Owners of big, powerful dogs have a responsibility to keep everyone in their neighborhood safe. Most experts will tell you that these types of dogs can be dangerous around smaller animals, children, and other people if not properly socialized.
The biggest mistake an owner can make is thinking his or her dog cannot hurt anyone because he’s so well-behaved around family members and friends. These dogs are often more unpredictable when they are around unfamiliar people or places.
Regardless of how sweet and friendly your Rottweiler may be at home, don’t assume he’ll behave properly on your street or near a park. ( I SWEAR )
Where Should I Put My Leash on My Rottie?
Owning a Rottweiler means that you’ll likely be taking your dog out on regular walks. It’s best to let your Rottie walk itself and only use a leash if necessary.
Be sure to get an adjustable leash, since these dogs grow quickly and change in size from puppyhood to adulthood. They will have little trouble dragging you along if there isn’t enough length left after your dog has grown several inches!
So, make sure you have about four feet of slack to give for every foot of growth. When picking up your Rottweiler, always go by its neck and never under its belly or legs as they are very prone to injury from being pulled around by its legs.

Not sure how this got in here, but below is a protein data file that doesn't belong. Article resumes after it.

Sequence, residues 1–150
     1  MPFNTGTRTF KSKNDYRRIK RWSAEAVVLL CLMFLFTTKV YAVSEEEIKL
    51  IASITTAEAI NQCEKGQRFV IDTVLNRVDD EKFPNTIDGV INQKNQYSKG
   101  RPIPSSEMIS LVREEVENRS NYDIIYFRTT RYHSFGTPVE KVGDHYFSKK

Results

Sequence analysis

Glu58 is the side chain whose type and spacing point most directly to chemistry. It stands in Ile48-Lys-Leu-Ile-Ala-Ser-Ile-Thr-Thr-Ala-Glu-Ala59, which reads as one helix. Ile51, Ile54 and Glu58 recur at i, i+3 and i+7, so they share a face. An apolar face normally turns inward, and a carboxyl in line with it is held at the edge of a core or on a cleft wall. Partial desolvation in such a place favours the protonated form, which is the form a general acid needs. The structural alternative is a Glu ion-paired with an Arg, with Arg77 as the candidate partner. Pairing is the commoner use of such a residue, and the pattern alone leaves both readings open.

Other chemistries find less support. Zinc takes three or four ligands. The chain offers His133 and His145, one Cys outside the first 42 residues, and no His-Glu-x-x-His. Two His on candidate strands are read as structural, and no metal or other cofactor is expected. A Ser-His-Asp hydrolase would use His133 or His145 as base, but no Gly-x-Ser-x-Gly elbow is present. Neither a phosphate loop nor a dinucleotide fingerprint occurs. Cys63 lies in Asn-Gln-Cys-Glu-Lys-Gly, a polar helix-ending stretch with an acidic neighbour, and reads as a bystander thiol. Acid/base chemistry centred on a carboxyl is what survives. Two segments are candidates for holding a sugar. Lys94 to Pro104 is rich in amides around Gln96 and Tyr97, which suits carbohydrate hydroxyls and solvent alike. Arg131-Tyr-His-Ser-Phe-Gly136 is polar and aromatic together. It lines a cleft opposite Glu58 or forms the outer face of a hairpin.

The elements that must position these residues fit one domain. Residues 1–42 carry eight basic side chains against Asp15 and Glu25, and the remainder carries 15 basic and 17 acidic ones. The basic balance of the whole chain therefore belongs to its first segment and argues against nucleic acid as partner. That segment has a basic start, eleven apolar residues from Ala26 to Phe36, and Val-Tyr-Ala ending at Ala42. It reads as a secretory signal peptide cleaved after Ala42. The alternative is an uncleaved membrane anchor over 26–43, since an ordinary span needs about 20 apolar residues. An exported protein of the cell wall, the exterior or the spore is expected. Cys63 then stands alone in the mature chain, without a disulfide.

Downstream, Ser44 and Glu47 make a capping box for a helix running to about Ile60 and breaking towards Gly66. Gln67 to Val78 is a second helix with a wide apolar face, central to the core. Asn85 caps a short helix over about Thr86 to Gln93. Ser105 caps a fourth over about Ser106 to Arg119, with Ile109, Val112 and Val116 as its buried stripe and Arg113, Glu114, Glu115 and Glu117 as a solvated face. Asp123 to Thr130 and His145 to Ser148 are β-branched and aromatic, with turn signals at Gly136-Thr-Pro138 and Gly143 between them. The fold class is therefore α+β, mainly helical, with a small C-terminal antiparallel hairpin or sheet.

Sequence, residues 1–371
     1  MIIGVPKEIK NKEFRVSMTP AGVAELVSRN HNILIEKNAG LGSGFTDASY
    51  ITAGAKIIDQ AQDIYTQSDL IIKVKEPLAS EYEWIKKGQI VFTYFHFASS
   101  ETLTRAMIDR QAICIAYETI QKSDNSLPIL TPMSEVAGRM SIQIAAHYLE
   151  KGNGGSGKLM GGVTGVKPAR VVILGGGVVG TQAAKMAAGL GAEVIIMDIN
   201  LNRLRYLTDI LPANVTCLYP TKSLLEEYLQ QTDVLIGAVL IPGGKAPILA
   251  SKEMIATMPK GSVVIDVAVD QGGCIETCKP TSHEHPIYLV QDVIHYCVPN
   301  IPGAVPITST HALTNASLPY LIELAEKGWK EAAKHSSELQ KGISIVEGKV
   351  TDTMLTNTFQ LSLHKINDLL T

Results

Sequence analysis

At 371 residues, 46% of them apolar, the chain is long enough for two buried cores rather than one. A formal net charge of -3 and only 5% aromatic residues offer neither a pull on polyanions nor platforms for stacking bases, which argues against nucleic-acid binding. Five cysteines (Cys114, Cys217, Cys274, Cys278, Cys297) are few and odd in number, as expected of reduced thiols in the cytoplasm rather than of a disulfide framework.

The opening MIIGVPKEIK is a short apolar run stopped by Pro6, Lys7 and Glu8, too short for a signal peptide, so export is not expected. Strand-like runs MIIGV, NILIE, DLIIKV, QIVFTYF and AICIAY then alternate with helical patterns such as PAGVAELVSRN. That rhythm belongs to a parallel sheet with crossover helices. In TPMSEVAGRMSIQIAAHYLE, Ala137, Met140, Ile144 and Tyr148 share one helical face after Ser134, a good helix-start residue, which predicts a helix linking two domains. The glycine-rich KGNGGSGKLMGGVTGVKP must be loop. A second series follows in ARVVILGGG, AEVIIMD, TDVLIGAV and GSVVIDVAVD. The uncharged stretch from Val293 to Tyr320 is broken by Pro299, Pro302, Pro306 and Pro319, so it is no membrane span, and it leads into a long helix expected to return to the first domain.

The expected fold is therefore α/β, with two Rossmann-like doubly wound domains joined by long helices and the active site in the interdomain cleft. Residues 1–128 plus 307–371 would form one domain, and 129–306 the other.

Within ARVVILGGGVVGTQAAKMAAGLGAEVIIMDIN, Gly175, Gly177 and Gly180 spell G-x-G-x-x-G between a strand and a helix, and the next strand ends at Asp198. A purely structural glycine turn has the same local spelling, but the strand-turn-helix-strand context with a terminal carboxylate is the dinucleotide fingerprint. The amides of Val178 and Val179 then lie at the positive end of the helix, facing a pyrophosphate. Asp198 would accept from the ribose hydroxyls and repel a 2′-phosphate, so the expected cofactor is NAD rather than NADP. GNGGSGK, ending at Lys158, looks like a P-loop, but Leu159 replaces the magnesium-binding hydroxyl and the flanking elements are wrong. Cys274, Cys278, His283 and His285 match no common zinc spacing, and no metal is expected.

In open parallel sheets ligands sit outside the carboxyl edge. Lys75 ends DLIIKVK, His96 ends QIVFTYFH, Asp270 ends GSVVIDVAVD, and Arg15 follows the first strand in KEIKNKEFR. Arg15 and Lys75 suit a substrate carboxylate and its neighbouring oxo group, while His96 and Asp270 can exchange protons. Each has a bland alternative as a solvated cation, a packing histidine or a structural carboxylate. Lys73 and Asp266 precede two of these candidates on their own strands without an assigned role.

If you do need to hold onto your Rottie, always keep two hands firmly on their collar with one hand holding each side of their head firmly so they don’t pull away from you. You can also pick them up using both arms under their belly but avoid lifting them by their legs at all costs.
Always keep them leashed when outside so that you can control where they go and what they do. This is especially important when introducing new people or animals into their lives as well as during times when they may become excited such as during walks or playtime with other pets or children.
A must-read guide about: Rottweiler Leash Training: The Ultimate Guide
Does My Rottie Need Toys to Play With?
Like most big dogs, Rottweilers can be intimidating to play with when you first meet them. They’re especially standoffish at dog parks, where they may prefer to simply watch rather than participate in games.
The best way to get your Rottie engaged and excited about toys is by giving him or her one toy that’s solely dedicated for use during playtime. Start out by playing tug-of-war with your dog; he’ll quickly learn that toys are fun! Later on, you can work up to more advanced games such as fetch or hide and seek.
When choosing your pet, try to consider all factors. Before you bring your dog home for good, make sure that you have time and energy to spend with him and that he will fit in well with your lifestyle. Remember that dogs are pack animals and thrive on love from their owners; be sure to treat them well!